Knowledge, prevention and treatment

Global Ministries’ Global Health program has been working on cholera with the United Methodist North Katanga Health Board for several years, supporting several communities like Mulongo. A phased grant process is assisting the North Katanga UMC as it joins forces with other health partners to arrest the spread and prevent future outbreaks in this specific region.

Global Health staff visited health facilities and staff in the DRC in August, shown here about to board the Wings of the Morning fight to begin their supervisory visit in the North Katanga region. From Left to right, Megh Jagriti, Global Health; Rev. Betty Kazadi Musau, North Katanga Communicator; Kathy Griffith, Global Health; Gaston Ntambo, missionary pilot; Lorry Mpindu, Global Health; and Dr. Alexis Ngoy Kasole Maloba, North Katanga UMC Health Board Coordinator. PHOTO: COURTESY OF NORTH KATANGA UMC HEALTH BOARD

Working with the Democratic Republic of Congo Provincial Health Department, local health programs and Doctors Without Borders, the UMC has joined an overall effort through Global Health to: clean up and test community water sources; build sanitation facilities; stock and distribute infection prevention control materials and medicines to treat cholera in its clinics; and enhance local community education efforts on how cholera is contracted and spread through contaminated water sources.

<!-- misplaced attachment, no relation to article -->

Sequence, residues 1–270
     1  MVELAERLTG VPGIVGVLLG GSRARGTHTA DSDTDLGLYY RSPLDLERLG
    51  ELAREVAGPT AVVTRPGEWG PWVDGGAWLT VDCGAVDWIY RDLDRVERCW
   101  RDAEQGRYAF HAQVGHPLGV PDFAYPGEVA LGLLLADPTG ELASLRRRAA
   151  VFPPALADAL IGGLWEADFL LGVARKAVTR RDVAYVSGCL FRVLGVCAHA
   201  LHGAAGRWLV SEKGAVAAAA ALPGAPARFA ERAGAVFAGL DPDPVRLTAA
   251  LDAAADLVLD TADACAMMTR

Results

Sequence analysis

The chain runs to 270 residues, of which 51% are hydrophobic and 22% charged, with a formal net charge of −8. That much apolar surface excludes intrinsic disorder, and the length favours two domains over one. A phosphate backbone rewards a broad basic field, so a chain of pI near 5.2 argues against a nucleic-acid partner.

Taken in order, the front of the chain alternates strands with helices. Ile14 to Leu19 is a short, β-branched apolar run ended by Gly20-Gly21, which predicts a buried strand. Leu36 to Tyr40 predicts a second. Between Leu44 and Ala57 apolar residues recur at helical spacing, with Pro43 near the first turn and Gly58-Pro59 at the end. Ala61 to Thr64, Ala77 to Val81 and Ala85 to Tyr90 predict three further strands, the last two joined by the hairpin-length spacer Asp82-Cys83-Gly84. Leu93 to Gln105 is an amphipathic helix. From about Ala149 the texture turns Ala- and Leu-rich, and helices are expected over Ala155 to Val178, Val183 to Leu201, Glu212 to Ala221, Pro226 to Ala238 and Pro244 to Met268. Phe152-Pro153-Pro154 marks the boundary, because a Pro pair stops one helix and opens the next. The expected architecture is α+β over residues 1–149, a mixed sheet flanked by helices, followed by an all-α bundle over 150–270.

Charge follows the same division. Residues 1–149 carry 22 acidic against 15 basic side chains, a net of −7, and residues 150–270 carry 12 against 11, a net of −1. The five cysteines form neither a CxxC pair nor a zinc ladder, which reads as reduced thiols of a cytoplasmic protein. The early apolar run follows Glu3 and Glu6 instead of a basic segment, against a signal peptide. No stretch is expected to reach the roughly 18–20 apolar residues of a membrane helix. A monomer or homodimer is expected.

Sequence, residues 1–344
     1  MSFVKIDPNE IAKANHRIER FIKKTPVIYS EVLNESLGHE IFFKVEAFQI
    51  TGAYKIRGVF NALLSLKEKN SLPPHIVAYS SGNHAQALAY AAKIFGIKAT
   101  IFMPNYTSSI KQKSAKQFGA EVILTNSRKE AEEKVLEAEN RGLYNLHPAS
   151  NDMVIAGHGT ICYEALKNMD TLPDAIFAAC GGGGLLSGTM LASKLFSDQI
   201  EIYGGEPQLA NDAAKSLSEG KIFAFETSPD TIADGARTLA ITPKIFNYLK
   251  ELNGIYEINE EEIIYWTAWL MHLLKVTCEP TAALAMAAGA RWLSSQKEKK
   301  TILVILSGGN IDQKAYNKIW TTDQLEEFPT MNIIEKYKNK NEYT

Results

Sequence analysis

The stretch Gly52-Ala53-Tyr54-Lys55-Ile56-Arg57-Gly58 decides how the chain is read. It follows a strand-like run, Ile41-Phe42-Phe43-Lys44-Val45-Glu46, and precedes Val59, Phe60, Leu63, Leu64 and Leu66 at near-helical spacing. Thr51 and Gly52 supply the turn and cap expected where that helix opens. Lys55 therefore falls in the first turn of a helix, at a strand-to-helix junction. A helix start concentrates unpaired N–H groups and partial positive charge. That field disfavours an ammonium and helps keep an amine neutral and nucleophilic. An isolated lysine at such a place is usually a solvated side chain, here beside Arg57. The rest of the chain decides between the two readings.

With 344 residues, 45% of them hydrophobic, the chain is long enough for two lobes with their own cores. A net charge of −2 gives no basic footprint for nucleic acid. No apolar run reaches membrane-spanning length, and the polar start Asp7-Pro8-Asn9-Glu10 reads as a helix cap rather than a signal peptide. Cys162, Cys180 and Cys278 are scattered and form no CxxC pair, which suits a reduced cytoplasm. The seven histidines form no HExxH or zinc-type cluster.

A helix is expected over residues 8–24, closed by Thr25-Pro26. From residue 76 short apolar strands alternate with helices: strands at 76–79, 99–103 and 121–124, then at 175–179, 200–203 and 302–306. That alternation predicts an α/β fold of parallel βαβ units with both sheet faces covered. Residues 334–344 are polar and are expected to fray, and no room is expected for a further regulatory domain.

As a result of these various efforts, Suzanne has learned how to protect her family and where to receive treatment, medicine, and prevention and hygiene supplies during cholera outbreaks.

“With awareness and training, I am no longer afraid of cholera because before we did not respect hygiene measures and there was no help,” Suzanne said. “Since the digging of wells, construction of public toilets and instruction of households to build their own toilets, we may go a year or more without cholera being declared in our community.”